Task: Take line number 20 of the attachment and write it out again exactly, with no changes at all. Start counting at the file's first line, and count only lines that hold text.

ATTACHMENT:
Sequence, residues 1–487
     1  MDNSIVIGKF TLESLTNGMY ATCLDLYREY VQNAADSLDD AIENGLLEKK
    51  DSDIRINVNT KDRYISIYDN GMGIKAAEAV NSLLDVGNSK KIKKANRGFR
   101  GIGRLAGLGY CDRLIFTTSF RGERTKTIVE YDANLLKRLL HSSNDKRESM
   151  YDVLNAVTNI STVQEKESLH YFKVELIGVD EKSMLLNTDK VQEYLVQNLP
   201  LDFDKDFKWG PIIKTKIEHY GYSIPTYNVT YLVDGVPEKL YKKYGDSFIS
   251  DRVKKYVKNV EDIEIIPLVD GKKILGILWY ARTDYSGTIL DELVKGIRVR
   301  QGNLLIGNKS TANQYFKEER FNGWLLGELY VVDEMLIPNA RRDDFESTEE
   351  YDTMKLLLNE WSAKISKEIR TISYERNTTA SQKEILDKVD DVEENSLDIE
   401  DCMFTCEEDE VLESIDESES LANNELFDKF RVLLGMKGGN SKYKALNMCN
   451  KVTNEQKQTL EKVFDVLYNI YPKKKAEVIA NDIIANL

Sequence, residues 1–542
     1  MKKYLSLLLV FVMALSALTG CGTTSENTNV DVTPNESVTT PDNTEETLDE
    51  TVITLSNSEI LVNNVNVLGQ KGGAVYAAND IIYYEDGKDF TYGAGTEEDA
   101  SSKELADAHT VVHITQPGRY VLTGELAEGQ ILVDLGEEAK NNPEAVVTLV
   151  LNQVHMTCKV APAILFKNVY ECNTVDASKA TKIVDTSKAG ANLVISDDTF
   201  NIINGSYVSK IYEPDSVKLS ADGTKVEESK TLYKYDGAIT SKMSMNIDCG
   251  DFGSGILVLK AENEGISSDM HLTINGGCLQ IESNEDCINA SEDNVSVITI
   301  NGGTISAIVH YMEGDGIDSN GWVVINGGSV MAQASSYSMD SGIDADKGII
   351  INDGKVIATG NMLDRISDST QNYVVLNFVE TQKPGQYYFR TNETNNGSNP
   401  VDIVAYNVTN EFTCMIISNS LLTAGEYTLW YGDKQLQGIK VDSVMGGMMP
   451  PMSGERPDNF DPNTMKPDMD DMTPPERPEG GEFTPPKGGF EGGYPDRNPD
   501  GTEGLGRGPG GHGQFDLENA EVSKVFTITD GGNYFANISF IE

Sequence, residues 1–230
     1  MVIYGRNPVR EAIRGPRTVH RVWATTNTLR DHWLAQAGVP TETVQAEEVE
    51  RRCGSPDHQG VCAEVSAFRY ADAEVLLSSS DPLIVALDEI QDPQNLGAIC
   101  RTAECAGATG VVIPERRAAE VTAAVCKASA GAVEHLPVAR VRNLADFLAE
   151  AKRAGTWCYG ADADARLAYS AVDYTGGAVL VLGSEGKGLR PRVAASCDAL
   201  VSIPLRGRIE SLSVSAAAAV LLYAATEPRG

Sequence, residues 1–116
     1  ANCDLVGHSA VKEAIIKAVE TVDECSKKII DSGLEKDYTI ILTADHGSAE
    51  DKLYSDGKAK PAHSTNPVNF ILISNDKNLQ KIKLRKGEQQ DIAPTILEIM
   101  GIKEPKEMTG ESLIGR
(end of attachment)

   351  INDGKVIATG NMLDRISDST QNYVVLNFVE TQKPGQYYFR TNETNNGSNP